Opinion

Answering objections to Wisconsin’s new abortion law (or how to get on a brony mailing list)

There are perks to being a writer, and they include hearing from people who’ve felt encouraged by something I’ve said. Of course not everyone’s impressed with my message, and some of them find ways to express that. One of the more creative methods involves copying my email address.

You sure did.

As a result, I get regular fundraising requests from Planned Parenthood and NARAL Pro-Choice America. I’ve also gotten messages pertaining to gay-themed erotica. At one point, I was receiving offers from a manufacturer of vibrators. While I have yet to place an order, their product does seem to garner largely positive reviews.

Other times people want to show me something they’ve seen online. That’s how I came across this:

Quote-2

That’s in reference to Wisconsin’s Pain-Capable Unborn Child Protection Act. Passed by the state legislature this month, it bans most abortions after 20 weeks. Evidence suggests a baby can feel pain by that point, which is kinda disturbing given how an abortion involves ripping her or him apart one piece at a time.   

D&E

There is broad support (particularly among women) for restricting late-term abortion, and pro-lifers are promoting similar measures across the country. That means we’re probably going see more comments like the one above, so I figured it’d be good to practice answering them. Let’s get started:

They use codified language to claim they are protecting “unborn children” from pain but ignore the psychological and mental pain that the women who are in positions like this have to go through.

The first assertion here is definitely correct: Yes, the bill’s authors have expressed a desire to protect unborn children from pain. That’s probably why they called it the Pain-Capable Unborn Child Protection Act.

But while the commenter doesn’t address the issue of fetal pain, he does bring up the emotional suffering that women experience during difficult pregnancies. What’s left out is that for many women, abortion only makes that suffering worse. A study published in the British Medical Journal found that post-abortive women face an elevated risk of suicide. There’s also no shortage of women who’ve spoken publicly about a crushing sense of loss, sadness and guilt they’ve experienced after aborting.

The conversation is about the pain of the “unborn children” when in reality the main problem is that the state is legislating what a woman can and can’t do with her body. Most of the people voting are males and have no right to tell a woman what is right or wrong because they just have no clue. It is a slippery slope when you start advocating state sanctioned control over women’s bodies, it leads to less and less rights for women.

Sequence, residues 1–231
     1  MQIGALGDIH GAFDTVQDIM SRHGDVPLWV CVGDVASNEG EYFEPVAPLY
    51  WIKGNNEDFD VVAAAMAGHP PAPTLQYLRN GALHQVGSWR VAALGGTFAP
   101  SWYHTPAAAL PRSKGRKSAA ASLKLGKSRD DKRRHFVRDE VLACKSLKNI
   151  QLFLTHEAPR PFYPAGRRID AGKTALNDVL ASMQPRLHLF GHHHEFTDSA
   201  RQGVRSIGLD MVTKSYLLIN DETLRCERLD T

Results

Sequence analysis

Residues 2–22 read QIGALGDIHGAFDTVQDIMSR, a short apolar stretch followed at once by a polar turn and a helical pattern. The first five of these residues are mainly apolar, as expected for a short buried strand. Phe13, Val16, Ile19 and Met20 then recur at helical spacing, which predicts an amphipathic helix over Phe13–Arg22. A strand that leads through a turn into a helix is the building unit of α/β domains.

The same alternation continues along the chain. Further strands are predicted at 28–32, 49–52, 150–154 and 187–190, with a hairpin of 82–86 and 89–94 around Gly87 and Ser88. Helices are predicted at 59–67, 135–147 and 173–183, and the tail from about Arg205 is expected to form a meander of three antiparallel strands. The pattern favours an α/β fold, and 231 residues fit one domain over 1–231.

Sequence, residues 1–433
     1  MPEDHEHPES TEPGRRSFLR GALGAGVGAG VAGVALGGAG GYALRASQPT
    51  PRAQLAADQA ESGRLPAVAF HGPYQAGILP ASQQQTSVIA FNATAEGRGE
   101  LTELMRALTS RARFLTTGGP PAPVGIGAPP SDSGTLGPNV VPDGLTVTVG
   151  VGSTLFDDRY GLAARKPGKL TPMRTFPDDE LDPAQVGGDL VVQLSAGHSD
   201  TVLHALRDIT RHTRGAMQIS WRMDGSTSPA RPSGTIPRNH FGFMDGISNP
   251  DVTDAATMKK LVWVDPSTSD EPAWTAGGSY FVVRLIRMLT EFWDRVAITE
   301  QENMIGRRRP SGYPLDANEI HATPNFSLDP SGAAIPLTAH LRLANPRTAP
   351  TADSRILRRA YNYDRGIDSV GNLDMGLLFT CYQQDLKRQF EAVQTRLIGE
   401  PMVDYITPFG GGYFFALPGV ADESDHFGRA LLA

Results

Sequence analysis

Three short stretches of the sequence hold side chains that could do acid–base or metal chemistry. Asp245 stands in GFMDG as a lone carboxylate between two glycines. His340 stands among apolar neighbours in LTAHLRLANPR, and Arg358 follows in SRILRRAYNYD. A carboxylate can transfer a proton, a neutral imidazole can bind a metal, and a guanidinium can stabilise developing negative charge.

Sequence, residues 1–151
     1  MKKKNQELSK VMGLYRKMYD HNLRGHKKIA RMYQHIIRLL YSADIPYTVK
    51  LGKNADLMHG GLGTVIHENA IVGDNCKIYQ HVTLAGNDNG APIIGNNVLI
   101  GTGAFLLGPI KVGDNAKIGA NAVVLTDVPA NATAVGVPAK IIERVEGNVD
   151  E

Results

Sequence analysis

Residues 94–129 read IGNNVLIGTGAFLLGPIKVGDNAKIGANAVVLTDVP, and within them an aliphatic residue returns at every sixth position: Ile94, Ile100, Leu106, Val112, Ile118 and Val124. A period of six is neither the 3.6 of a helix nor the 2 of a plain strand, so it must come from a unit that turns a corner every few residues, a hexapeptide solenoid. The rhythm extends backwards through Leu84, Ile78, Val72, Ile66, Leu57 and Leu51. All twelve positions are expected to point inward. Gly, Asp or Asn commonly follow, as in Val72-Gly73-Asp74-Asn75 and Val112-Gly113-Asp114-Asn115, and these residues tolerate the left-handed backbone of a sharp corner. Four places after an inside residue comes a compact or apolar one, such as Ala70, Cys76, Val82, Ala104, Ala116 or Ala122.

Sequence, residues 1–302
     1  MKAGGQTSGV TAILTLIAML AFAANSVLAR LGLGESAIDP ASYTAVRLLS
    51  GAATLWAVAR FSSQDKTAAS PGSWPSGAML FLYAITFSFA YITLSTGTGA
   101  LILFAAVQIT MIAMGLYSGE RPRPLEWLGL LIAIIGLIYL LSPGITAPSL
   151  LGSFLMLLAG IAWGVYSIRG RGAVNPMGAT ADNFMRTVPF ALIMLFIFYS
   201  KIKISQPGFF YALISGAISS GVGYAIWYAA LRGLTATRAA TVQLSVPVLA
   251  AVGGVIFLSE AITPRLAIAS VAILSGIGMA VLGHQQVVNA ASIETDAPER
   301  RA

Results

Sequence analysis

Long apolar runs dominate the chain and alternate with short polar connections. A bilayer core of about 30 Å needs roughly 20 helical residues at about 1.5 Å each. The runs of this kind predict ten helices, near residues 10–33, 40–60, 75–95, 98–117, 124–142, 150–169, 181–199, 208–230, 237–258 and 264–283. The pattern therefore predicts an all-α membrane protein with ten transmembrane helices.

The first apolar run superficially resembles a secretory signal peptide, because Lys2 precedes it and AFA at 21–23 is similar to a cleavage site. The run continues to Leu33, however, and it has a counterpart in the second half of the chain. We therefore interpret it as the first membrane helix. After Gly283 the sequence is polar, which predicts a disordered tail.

Although both the state house and senate versions of the bill were co-sponsored by women, it is true that most of those who voted on it were men… just like with every other piece of legislation. Yet if Wisconsin’s male dominated legislature really has “no right to tell a woman what is right or wrong,” then it’s unclear why that principle only applies to abortion; surely women should be exempt from male-imposed laws in general. For some reason there’s been no rush implement this.

It’s also true that the bill limits what people “can and can’t do” with their bodies. Then again, plenty of other laws already do that. Someone who’s caught behind the wheel after filling her body with vodka is going to have some legal problems.

Impaired driving laws (like the proposed late-term abortion ban) are designed to protect innocent parties from suffering a violent death, which is probably why most people are willing to accept the infringement on bodily autonomy. I would say that’s a reasonable idea, as opposed to the following: “In addition, the fact that there is no exception for incest or rape means that legislators are okay with rape and incest in our society.”

No, it just means they’re not okay with with killing people for their fathers’ crimes. You can see some of those people here if you like.

“What will stop men from simply raping women when they want to have a baby?”

Well, the threat of going to prison for one. And sometimes this:

woman gun - "No" means No. So does buckshot.

I admit I haven’t discussed the subject with too many rapists (the number currently stands at zero), but I have a hard time believing many of them commit sexual assault in the hope of delivering a child. In contrast, some of them do use abortion to hide their crimes and stay out of jail.

That was Gary Cross’ plan: he took his 13-year-old stepdaughter to Planned Parenthood after getting her pregnant. That she was below the age of consent didn’t seem to concern staff – they were quite willing to refer her for a late-term abortion. With the evidence gone, Cross went back to raping her when she came home.

He wasn’t unique, as fellow child rapists Timothy Smith, John Blanks, Jr., John F. Szorady and Adam Gault also used abortion to stay out of jail and keep abusing their victims. These 50 other sexual predators did the same. Far from being an obstacle to these men, abortion helped keep them in business.

“It’s absolutely surreal and just plain f***ed up.”

That would sum up America’s current approach to abortion. You can help change it by urging law makers in other states to follow Wisconsin’s example. You can also support pregnancy care centers, places that offers moms alternatives to abortion. Finally, you can sign Live Action’s petition demanding that Congress end its half billion dollar subsidy to Planned Parenthood, the country’s largest abortion chain.

Naturally, doing those things means that you may have to answer comments like the one above, but that’s not necessarily a bad thing. After all, practice makes perfect.

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